Last week I was telling you about Bob’s call. Dad’s will left everything to Bob and his brother Sam. According to Bob, they had conversations with his dad about setting up a special needs trust for their disabled sister, Sally and transferring her 1/3 share to that trust.      When Sam reneged on that agreement Bob didn’t really have a good option. Going to court to try to enforce a verbal agreement is costly and not likely to get the result he wants. Since Dad isn’t alive to support Bob, it is Bob’s word against Sam’s. So, where did they go wrong?      What his dad should have done is make his wishes clear in writing by way of his will. It would seem obvious, but to be clear, no one can know for sure what your wishes are after you die unless you put them in writing. As we can see with Bob and Sam, wishes stated verbally can’t be proven later on if there is a dispute. Court intervention is costly, time consuming and likely to get an unsatisfactory outcome. That’s why the law has established a process to carry out those wishes. It’s called a Last Will and

     Bob called with the following story. Dad had passed away a year earlier. He had three children, Bob, Sam and Sally. Bob told me that Dad’s will left everything to Bob and Sam because Sally, who is severely disabled and receiving government benefits, would otherwise lose those benefits if she received an inheritance.      According to Bob, he and Sam had discussions with Dad about setting up a special needs trust (SNT) for Sally and placing 1/3 of the assets of Dad’s estate into that trust. “It was what Dad always wanted”, Bob told me. So, why was he calling? Because he told me that Sam had agreed to it but then changed his mind and backed off.      “Is there anything that I can do to force Sam to put the assets into an SNT”, he asked. “Can we go to court and ask a judge to order Sam to keep his promise?”      Unfortunately, without a written agreement in place, a judge isn’t likely to agree. Once Dad died and his will was probated, ½ of his estate was now Sam’s, to do with it as he wishes, even if Dad’s wishes are to the contrary. Spending a lot of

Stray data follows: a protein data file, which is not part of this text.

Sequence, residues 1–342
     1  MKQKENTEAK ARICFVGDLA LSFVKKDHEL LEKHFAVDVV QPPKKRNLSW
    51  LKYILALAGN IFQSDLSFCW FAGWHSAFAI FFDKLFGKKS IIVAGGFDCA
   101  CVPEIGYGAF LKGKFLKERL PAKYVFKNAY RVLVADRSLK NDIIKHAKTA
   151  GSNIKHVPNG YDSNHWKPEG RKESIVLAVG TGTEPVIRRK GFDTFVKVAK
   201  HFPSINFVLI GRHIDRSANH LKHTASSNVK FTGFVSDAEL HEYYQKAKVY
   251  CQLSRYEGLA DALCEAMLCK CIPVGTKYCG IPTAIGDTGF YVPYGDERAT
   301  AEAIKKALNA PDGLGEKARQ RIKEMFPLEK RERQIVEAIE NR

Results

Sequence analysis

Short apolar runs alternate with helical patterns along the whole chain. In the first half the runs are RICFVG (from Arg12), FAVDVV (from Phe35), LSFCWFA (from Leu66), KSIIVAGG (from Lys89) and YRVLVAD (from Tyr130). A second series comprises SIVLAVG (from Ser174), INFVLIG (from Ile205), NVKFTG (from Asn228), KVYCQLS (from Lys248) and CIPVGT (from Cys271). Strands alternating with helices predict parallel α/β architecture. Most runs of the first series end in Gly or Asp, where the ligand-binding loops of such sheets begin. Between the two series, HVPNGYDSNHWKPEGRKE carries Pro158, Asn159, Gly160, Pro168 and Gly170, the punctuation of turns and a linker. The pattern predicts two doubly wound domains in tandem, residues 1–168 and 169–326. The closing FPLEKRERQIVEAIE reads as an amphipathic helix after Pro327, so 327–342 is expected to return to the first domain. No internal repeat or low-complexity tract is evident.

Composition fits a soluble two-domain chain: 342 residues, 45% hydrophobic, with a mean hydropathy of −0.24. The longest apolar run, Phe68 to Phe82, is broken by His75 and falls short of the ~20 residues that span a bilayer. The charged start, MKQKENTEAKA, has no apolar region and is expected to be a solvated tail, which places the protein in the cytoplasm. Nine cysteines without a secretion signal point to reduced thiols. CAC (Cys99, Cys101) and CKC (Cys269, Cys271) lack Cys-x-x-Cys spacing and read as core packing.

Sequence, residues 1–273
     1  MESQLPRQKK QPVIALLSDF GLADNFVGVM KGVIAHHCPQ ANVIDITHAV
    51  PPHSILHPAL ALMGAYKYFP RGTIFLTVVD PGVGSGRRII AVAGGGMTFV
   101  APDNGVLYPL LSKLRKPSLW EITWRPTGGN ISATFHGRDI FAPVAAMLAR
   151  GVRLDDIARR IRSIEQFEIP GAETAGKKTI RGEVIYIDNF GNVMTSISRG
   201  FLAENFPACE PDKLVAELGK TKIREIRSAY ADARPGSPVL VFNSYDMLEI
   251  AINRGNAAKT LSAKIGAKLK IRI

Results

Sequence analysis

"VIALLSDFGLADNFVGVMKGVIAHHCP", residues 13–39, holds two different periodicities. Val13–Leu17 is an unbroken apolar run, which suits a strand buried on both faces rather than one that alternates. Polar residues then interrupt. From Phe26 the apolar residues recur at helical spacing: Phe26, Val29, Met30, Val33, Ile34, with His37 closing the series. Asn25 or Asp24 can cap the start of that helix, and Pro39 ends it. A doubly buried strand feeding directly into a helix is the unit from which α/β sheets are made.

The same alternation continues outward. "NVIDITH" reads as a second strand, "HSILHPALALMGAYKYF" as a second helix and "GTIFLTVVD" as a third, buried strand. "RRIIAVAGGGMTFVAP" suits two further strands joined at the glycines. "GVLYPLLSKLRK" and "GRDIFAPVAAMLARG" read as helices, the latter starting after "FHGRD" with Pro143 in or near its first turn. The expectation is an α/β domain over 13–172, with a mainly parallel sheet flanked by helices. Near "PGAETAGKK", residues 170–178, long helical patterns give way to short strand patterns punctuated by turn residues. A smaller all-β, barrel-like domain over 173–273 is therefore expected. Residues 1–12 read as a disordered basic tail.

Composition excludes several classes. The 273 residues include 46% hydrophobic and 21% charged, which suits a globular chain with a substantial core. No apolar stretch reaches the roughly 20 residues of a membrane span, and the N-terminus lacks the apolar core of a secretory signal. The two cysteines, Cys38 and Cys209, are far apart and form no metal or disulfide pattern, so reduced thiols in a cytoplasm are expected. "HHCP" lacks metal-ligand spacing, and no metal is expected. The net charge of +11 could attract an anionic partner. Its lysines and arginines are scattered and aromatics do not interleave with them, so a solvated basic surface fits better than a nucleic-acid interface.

Last week I was telling you about a recent New Jersey court case which resulted in a 10 and ½ year Medicaid penalty. The family tried to navigate New Jersey’s Medicaid rules on their own and then tried to fix their mistake. It didn’t work. Let’s examine why.      To summarize the facts, C.W. transferred her home and $540,000 in other assets to her children. She applied for Medicaid and was assessed a 10 and ½ month penalty because of the transfers. The children tried to fix the problem and then reapplied for benefits.      Part of the problem was that after the penalty was calculated by Medicaid, the children returned some but not all of the money. It has been clearly established by New Jersey courts that partial returns will not reduce the penalty. It’s all or nothing, meaning unless you return all the transferred money the State won’t reduce the penalty.      C.W.’s family should have consulted with an elder law attorney before applying for Medicaid.   With a better understanding of the rules, they could have made a partial return before any Medicaid penalty and used that money to pay for care until they were ready for eligibility.      A second